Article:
Quinoa in AfricaIn Africa, approximately 257 million people are suffering from hunger and chronic undernutrition. Specifically, 237 million people in sub-Saharan Africa and 20 million people in North Africa face hunger. Agricultural challenges such as crop degradation, drought and weather-related challenges affecting agricultural growth and development are contributing factors to hunger in Africa. However, more sustainable agricultural practices such as the production and harvest of quinoa in Africa can help fight hunger.

Providing Protein to African Communities

Cedric Habiyaremye is one of many individuals making a difference in African agricultural practices. Growing up in a Tanzanian refugee camp, Habiyaremye is no stranger to hunger. He knew at a young age that he wanted to make sure that his family didn’t have to go to bed hungry every single night. This catalyzed his interest in studying agriculture and finding more sustainable ways to produce food. One of his main focuses is on the production of quinoa, a grain that is high in protein, which can be grown in hot and dry climates. In many African countries, such as Rwanda, the majority of families do not have access to protein, making quinoa a valuable crop to cultivate.

In addition to Habiyaremye’s work in Rwanda, Uganda and Kenya, groups like Danish Church Aid introduced quinoa to Ethiopia. Approximately 600 farmers received seeds from the EU Resilience Building and Creation of Economic Opportunities in Ethiopia (RESET II) project and farmers have been trained on how to grow and harvest it.

Moving Forward: Quinoa in Africa

Although there is no conclusive evidence or research on the success of quinoa crops in Africa, the prospect of a protein-rich crop is an important innovation. Since first being introduced in Kenya in the 1990s, quinoa and its many varieties have most recently been introduced in Malawi in 2012. Various programs in Malawi, such as the School of Agriculture for Family Independence (SAFI) in partnership with the NuSkin Force for Good Foundation, has seen great success. Families have come to learn about agricultural practices together at the school, and then bring those techniques home where they also teach other members of their community.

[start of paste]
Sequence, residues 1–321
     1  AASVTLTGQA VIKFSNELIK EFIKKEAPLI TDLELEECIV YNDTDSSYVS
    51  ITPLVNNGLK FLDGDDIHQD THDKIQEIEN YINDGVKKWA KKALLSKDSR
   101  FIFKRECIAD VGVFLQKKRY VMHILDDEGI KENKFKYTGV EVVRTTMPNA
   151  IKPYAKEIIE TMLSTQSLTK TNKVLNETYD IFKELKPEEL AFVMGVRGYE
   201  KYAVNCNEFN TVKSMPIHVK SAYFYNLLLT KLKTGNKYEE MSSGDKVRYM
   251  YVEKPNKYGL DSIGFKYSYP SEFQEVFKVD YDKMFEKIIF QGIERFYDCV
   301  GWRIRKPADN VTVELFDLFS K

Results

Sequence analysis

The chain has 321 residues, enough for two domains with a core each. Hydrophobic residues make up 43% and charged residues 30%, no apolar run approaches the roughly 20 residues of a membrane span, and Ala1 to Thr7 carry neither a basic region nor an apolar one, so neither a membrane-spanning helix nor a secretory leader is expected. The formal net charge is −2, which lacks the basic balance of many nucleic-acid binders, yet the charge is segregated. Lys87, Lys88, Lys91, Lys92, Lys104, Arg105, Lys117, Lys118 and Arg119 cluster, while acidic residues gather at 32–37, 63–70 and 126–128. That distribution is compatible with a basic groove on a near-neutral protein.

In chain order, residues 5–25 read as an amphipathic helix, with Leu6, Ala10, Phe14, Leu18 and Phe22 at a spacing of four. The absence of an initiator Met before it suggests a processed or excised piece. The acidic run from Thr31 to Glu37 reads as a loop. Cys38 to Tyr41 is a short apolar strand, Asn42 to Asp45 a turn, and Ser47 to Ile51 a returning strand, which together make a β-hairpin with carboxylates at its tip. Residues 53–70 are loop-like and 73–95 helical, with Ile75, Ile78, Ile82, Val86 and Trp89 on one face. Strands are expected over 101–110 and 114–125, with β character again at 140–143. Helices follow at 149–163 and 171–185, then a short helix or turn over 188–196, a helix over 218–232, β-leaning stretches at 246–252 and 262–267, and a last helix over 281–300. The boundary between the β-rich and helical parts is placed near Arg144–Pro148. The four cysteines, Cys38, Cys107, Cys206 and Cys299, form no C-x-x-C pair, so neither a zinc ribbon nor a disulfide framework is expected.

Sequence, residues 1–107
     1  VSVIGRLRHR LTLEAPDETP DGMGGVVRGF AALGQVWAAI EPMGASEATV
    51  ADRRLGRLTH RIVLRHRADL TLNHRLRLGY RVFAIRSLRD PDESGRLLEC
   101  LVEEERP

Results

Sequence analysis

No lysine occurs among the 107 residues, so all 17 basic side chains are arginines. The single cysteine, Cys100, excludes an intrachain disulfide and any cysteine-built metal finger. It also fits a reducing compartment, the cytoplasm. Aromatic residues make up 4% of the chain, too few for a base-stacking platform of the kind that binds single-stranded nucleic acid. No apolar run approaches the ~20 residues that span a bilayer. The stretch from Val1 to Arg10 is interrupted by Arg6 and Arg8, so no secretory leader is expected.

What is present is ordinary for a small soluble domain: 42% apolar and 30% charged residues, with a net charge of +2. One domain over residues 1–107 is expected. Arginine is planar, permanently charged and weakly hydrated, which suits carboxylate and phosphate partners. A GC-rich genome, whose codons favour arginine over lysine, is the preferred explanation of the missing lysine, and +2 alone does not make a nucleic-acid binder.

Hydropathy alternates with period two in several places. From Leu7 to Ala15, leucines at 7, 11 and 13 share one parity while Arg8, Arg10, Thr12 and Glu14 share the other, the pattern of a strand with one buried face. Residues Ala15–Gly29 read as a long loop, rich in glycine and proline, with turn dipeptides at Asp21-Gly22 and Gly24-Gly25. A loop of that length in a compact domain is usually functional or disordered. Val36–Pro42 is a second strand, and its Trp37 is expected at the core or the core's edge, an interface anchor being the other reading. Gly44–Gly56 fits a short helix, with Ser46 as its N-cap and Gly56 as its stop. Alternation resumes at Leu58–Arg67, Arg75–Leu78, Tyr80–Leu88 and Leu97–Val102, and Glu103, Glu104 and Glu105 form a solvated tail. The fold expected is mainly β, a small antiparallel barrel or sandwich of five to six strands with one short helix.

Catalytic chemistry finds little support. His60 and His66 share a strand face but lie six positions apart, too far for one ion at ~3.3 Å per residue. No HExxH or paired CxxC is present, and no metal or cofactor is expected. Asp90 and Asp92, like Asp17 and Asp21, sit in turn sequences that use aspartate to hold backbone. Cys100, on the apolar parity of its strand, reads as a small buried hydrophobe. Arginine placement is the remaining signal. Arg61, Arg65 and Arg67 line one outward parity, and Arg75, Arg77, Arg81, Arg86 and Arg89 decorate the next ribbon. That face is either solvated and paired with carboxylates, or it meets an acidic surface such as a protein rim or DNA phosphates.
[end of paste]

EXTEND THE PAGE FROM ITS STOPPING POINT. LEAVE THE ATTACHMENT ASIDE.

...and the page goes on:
Educating and helping individuals grow and harvest quinoa by themselves are the most sustainable ways to provide communities with protein. The cultivation of crops such as quinoa is critical as population and hunger continue to increase in Africa.

Quinoa’s Potential to Endure Change

Many plant scientists have been concerned about crop failure and feeding the world’s growing population. Two plant and wildlife professors at Brigham Young University have studied and sequenced the quinoa genome, and have been part of projects in Africa to teach communities how to plant and harvest the crop. As the population is rising and changing weather patterns affect many places, quinoa is essential because of its high protein content and cultivation potential in many types of environments where other crops do not grow.

Kalicia Bateman
Photo: Unsplash